The house uses L-E-D lighting and has a geothermal heating and cooling system. It is solar-powered. The solar system provides the energy needed for the house and an electric vehicle.
Michael Koenig with Honda Smart Home U.S. says every year the system is expected to produce two kilowatts of electricity more than it consumes.
"This is the vision for how can we achieve net-zero carbon, not just net-zero energy, but how can we get to zero or below zero carbon for the future. And there's a lot of ways to do it. There's a lot of smart people working on it.
A UC Davis employee will live in the house for several months and assess its livability.
The house has hundreds of sensors which can trigger automatic lighting and record information about the viability of new products.
It has other efficiencies. The slab of the home was poured using a new cement mix that requires fewer carbon emissions. Gray water will be used to water the landscape.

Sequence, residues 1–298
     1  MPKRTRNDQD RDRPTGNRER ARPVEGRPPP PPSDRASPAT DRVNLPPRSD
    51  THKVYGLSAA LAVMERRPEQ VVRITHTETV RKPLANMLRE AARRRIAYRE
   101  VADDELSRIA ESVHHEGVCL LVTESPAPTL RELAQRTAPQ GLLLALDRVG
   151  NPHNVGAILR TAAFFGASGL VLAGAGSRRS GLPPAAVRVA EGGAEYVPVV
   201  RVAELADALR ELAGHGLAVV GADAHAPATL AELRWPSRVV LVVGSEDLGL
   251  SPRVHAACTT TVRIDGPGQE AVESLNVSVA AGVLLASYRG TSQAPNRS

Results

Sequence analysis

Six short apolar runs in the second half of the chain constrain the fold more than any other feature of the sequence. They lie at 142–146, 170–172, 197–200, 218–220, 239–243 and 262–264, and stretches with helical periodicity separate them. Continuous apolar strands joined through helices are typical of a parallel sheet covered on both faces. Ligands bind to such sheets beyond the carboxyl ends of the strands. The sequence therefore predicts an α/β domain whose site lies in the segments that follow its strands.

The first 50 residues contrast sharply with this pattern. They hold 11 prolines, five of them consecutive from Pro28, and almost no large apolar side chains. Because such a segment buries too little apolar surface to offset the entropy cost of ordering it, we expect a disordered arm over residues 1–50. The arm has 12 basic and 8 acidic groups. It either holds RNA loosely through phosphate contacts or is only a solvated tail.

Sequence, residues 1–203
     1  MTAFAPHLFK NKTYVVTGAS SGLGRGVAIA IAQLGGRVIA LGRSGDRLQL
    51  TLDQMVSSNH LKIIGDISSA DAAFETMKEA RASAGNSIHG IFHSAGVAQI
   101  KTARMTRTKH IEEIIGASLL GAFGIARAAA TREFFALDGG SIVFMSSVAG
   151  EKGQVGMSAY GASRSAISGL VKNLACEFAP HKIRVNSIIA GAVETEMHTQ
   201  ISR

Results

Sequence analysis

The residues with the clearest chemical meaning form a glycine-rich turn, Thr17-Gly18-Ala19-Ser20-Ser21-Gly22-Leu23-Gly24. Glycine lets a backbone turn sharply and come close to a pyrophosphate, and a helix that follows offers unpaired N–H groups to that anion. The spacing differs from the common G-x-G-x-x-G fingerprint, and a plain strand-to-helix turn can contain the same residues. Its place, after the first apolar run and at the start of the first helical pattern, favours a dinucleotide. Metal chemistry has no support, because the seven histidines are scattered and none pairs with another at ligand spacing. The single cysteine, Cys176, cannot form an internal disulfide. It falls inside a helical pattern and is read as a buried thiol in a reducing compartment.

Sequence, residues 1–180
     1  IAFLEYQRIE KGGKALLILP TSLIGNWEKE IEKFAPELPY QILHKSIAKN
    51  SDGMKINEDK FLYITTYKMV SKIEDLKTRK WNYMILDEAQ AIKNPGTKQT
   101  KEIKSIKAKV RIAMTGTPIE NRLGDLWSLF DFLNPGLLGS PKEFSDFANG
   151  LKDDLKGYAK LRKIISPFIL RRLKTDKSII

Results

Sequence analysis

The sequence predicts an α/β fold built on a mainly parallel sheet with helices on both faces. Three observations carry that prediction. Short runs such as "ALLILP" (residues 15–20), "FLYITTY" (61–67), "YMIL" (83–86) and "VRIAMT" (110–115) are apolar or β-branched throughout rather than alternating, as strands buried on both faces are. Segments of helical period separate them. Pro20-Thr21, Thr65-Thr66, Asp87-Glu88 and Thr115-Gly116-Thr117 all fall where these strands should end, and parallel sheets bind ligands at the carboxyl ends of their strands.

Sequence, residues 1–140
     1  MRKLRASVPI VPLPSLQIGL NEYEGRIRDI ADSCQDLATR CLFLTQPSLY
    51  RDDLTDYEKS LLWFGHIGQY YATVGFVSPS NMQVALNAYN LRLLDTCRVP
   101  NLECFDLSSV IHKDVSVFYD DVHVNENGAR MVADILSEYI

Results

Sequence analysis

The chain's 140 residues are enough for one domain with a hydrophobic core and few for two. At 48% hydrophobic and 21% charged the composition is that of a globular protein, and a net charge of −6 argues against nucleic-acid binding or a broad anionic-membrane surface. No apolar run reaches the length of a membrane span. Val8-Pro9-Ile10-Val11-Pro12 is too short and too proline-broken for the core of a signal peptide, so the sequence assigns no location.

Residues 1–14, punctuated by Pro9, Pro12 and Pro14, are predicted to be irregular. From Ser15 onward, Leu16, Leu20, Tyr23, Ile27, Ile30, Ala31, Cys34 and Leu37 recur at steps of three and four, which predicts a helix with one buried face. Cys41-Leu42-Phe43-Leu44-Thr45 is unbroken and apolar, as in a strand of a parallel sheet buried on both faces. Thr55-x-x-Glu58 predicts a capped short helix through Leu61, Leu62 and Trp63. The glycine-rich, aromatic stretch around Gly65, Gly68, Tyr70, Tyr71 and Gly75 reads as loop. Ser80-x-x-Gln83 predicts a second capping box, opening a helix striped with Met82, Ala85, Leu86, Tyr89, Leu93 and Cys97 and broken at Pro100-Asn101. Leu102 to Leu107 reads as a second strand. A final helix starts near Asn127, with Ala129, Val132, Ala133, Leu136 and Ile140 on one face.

Della Thompson is in real estate. She was one of about 60 people who took a tour during an open house.
"It would be great if it was available to everybody. The problem's going to be to make it cost-effective where it doesn't price everybody out of California," she says.
Honda won't say how much the house cost, but it does say it hopes the research will help make the efficiencies standard for new homes within ten years.
The home is the newest addition to the West Village community at U.C. Davis. The school says the development is on its way to becoming the nation's largest net-zero energy community.
UC Davis researchers have identified 'high priority' dams in California where releasing water may be a key for the survival of native fish species.
Scientists may soon have a more accurate way to predict the extent and severity of droughts, floods and even the amount of food California can produce.
This week, crews from the California Department of Fish and Wildlife have hiked miles into Trinity County between Redding and the ocean. They've gone in to dismantle six illegal marijuana grows and clean up tons of waste and chemicals.
As California faces the prospect of another year of drought, a group tasked to coordinate water quality monitoring across state agencies is working to streamline the process.
On November 4th, California voters will decide the fate of a $7.5 billion bond intended to improve the state’s water system. Proposition 1 is one of the most closely watched measures on the ballot. But it has divided some environmental groups.